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It is held that a Judge while on the active list should notexpress in public his views upon matters which have come or may come before him in his judicial capacity. Nor do I think it desirable that he should comment however favourably upon members of the profession still living.
I hope that this book of recollections and reflections- will not be found to offend against either of those rules. The book does not extend beyond the time, now nearly eighteen years ago, when I exchanged the absorbing profession of an Advocate for the onerous and responsible position of a Judge.
As to the origin of the book - During an uneventful Summer Assize I spent some of my leisure in putting on paper the ideas now embodied in Chapter 8. If, however, there were such a compilation as a Stud Book of Books, this volume might be entered as by Lumbago out of Long Vacation/which is I trust sufficiently self-explanatory.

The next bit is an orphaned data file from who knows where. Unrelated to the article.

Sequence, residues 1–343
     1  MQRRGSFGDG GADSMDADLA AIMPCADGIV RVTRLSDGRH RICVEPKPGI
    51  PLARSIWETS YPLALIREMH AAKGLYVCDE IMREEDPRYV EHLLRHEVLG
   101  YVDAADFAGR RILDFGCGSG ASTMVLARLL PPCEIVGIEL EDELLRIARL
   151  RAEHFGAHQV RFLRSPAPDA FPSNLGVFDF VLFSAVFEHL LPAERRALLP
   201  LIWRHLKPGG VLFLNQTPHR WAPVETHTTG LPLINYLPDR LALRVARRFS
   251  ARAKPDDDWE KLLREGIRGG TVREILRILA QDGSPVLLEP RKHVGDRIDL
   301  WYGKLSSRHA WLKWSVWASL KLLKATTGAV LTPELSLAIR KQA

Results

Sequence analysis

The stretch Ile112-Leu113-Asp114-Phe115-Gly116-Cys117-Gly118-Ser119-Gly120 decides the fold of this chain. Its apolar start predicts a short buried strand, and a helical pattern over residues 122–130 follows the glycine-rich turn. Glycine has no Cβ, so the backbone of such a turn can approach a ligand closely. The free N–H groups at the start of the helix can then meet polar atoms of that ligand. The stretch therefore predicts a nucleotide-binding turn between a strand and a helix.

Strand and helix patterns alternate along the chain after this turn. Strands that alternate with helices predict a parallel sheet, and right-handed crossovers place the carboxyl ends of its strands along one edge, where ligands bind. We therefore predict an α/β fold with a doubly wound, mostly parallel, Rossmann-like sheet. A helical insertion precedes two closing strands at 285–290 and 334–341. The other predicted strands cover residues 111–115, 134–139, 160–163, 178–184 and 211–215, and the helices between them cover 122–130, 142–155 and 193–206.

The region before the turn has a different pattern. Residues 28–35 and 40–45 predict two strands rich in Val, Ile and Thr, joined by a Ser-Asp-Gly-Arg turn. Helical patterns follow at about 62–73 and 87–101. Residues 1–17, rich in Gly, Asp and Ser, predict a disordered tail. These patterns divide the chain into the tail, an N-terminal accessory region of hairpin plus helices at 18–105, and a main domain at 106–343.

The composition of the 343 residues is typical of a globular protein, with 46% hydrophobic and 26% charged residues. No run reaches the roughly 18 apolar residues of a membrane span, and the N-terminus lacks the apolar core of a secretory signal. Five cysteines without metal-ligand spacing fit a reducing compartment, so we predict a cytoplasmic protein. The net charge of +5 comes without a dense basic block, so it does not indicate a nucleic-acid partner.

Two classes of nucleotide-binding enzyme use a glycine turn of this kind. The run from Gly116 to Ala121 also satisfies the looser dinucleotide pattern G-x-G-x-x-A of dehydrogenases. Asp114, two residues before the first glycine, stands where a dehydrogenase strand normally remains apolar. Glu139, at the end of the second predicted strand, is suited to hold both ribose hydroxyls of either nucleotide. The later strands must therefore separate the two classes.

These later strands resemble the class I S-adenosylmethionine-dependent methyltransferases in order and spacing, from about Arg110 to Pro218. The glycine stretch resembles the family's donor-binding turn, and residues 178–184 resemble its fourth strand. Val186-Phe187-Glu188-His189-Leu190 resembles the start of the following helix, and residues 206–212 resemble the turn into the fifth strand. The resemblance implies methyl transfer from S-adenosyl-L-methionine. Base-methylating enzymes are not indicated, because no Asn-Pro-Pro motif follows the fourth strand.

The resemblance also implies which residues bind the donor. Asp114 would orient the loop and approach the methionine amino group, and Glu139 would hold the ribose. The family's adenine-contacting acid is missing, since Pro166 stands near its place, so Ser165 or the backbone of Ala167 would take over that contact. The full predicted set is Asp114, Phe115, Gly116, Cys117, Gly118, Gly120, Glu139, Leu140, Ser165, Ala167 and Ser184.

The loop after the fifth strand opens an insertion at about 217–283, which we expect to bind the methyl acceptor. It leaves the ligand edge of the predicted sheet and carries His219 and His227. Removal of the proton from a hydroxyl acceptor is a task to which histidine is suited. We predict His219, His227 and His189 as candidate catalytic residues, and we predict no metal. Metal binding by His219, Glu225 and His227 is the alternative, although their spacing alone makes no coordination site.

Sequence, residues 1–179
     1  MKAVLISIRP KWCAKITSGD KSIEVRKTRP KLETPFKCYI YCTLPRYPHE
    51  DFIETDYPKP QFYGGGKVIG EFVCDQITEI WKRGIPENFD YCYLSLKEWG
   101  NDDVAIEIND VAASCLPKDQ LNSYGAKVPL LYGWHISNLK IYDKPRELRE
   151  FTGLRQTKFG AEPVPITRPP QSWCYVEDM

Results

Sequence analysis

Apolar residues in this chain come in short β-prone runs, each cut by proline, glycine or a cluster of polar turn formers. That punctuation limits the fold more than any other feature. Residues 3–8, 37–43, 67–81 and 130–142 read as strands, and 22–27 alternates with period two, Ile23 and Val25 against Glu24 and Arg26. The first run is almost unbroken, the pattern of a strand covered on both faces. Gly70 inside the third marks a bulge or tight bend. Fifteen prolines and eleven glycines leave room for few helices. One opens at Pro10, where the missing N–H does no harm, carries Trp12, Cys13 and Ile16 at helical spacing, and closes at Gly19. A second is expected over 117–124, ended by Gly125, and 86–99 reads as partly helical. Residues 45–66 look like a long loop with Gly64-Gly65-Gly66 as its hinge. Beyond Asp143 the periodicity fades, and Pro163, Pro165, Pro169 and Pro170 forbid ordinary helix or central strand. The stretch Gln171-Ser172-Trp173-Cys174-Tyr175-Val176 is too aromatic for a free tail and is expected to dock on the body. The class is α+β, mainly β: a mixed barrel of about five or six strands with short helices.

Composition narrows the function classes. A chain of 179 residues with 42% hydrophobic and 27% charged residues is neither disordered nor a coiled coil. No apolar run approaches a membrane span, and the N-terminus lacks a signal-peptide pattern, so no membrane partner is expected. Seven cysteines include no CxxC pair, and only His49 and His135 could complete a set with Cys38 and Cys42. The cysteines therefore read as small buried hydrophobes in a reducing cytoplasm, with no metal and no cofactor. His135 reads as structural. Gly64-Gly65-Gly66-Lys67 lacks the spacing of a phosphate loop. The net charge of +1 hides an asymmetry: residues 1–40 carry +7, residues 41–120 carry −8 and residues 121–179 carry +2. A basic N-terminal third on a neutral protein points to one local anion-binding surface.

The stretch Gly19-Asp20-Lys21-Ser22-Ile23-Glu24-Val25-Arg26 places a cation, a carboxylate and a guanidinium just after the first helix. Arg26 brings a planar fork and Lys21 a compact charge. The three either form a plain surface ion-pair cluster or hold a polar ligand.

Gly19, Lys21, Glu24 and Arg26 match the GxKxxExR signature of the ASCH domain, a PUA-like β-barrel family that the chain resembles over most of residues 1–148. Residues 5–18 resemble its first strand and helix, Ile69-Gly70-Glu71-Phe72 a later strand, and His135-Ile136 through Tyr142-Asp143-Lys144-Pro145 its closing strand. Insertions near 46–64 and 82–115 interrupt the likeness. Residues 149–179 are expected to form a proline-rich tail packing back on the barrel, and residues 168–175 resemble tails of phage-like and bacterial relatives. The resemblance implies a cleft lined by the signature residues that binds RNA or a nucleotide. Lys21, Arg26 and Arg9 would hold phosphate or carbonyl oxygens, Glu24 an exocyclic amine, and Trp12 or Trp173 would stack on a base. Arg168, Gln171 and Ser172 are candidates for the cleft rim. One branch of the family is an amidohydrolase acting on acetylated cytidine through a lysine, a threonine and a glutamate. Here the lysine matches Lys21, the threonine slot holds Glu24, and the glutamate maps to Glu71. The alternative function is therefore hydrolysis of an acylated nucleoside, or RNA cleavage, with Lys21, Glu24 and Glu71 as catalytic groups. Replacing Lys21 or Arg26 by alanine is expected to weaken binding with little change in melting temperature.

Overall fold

This is a book for the most part about the past. The younger generation is looking forward to an England in which life shall be freer, fairer and better, in which wealth and opportunities for advancement shall be more evenly distributed than of yore. If they will but hold fast to the English ideals of justice and liberty for every individual man and woman, and remember that the State exists for the benefit of the community, not the community for the benefit of the State, I believe they may attain some of their desires. Meanwhile I may be forgiven for announcing in the language of the broadcaster